Positive universities: bring passion and optimism but don’t forget the purpose.

Positive universities: bring passion and optimism but don’t forget the purpose.
  • What would be happen if in addition to earnings, employability and academic attainment, we also measured the legacy of higher education in terms of a graduate’s wellbeing?
  • What would a flourishing university mean for staff and students?
  • What would a Positive University look and feel like?

From last Friday’s International Positive Education Network (IPEN) conference it is clear that leaders at the highest levels in higher education, public health and economic policy, joined by world-leading scholars and public policy shapers are both curious and serious about exploring these questions.

And so they should be.

Creating a tailored approach to work


The personalisation of goods, services and activities appears to becoming ever more prevalent and popular. From the comfort of your sofa, you can now personalise your trainers, order made-to-measure clothes and even add your own lable to chocolate and hazelnut spread.

Wouldn’t it be wonderful if the possibilities for greater personalisation spilled over to the world of work? Where rather than being asked to fulfil a specific job, task or activity, you were encouraged to tailor and tweak aspects of your role based on your personal strengths, passions and interests.

I have been exploring this concept with organisations through my job crafting workshops. Job crafting enables employees to take a more personal approach to their work. I discovered job crafting through my Masters studies at the wonderful Centre of Positive Psychology at the University of Melbourne and it became the focus of my capstone research.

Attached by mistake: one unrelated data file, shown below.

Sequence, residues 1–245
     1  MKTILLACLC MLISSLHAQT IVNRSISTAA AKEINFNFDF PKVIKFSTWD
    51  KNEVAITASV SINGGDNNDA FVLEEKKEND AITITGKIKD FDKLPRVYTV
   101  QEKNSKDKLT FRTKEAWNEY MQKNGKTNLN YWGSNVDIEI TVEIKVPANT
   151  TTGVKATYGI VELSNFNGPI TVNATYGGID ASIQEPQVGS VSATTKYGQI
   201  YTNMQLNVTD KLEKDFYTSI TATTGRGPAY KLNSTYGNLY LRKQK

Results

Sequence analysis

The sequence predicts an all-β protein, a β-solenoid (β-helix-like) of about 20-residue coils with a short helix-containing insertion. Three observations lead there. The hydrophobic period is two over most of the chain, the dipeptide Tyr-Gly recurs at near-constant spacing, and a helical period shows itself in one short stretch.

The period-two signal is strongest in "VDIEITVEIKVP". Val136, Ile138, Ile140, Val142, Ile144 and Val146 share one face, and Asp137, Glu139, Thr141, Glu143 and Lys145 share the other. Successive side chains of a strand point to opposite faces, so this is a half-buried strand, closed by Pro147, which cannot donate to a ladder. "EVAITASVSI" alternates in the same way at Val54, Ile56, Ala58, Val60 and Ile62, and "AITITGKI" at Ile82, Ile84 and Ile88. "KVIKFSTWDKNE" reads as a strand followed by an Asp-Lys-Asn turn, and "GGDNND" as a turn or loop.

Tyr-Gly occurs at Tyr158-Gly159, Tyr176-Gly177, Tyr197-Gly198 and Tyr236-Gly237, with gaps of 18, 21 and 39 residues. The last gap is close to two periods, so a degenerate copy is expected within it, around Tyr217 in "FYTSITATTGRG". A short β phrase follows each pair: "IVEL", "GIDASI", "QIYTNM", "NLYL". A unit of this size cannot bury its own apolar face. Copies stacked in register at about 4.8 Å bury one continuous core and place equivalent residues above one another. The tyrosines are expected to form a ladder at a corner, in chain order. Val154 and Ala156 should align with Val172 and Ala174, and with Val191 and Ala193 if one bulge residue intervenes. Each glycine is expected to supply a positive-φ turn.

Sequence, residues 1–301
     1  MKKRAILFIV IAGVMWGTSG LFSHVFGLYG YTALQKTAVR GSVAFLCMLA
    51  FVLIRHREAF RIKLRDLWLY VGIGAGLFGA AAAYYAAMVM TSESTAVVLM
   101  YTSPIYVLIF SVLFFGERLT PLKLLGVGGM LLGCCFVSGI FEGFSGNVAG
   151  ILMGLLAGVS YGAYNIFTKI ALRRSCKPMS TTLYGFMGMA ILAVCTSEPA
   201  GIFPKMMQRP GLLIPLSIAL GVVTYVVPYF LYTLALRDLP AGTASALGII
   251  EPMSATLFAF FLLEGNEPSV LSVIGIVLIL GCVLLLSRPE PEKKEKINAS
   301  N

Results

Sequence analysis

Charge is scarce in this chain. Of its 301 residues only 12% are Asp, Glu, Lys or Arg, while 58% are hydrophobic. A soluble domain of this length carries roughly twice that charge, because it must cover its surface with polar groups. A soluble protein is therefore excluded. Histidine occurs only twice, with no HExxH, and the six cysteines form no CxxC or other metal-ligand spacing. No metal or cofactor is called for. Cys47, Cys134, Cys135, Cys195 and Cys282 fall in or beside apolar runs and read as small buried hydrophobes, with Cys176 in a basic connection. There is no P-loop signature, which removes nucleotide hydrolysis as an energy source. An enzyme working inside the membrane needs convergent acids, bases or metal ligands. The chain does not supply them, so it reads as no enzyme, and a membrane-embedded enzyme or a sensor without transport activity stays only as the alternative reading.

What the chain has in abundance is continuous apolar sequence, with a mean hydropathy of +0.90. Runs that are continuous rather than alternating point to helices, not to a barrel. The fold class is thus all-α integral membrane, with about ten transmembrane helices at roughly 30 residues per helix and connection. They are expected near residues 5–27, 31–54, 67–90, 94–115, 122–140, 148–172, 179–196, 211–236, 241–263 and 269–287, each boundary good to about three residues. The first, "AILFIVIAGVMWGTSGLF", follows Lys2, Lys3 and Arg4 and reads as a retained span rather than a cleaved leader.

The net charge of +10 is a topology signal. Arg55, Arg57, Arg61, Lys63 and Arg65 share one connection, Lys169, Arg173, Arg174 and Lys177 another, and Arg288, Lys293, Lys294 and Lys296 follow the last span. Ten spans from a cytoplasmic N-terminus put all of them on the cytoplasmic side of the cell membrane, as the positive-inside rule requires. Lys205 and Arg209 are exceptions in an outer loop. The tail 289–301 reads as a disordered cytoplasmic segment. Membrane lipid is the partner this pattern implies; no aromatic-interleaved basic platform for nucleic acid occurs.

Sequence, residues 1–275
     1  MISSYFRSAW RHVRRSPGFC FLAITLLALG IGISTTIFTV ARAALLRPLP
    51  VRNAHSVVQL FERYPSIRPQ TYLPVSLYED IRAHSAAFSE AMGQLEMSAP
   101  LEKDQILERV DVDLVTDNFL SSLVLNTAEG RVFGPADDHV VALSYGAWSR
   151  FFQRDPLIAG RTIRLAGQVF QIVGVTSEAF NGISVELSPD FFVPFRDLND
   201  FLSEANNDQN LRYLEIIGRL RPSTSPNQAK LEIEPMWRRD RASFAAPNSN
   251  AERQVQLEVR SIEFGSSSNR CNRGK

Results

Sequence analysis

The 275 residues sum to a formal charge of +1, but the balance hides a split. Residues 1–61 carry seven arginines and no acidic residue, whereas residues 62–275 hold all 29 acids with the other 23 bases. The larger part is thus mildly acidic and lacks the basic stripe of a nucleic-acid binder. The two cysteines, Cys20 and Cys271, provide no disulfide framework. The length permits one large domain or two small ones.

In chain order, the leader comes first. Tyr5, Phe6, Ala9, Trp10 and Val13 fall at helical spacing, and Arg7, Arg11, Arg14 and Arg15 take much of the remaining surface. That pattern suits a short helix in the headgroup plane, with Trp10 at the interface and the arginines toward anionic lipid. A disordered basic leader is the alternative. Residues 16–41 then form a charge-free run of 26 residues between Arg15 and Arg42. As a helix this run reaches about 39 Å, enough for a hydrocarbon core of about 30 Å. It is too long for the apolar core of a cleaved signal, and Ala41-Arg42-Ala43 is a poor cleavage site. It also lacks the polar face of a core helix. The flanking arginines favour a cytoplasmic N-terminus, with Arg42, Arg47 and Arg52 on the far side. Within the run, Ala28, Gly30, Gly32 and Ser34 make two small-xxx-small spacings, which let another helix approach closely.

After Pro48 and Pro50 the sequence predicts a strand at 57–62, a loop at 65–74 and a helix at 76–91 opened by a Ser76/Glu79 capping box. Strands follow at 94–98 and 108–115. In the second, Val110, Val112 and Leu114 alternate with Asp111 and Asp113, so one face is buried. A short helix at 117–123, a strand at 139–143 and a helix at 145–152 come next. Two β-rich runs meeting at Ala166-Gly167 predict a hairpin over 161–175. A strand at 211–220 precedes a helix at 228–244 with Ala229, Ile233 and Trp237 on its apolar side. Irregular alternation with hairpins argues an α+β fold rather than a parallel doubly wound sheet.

Job crafting is a process where employees actively change or tailor how they approach, undertake or think about their work to better suit their own personal strengths, preferences and interests. The concept was first outlined by Amy Wrzesniewski and Jane Dutton in a 2001 research paper and studies within the field have been steadily growing.

I was drawn to job crafting as research has shown that job crafting behaviour is related to a number of positive outcomes for staff. Specifically, a number of studies have found a correlation between active job crafting and reported levels of happiness, wellbeing, engagement and job satisfaction.

There are three main types of job crafting:

·      Task crafting refers to tangibly changing aspects of how we undertake our work including designing, adding or removing tasks.

·      Relational crafting refers to shaping how we relate and engage with others, including building and adapting our relationship with co-workers.

·      Cognitive or perception crafting describes the reframing of how we think about our work in general including the value and significance it plays to us personally and to others.

Through my workshops, I provide an overview of job crafting and outline how it is can be nurtured amongst the workforce using examples from innovative organisations such as Google and Logitech amongst others.

In addition to exploring the concept of job crafting we discuss different approaches and opportunities to personalise work and attendees share stories of when they have job crafted previously.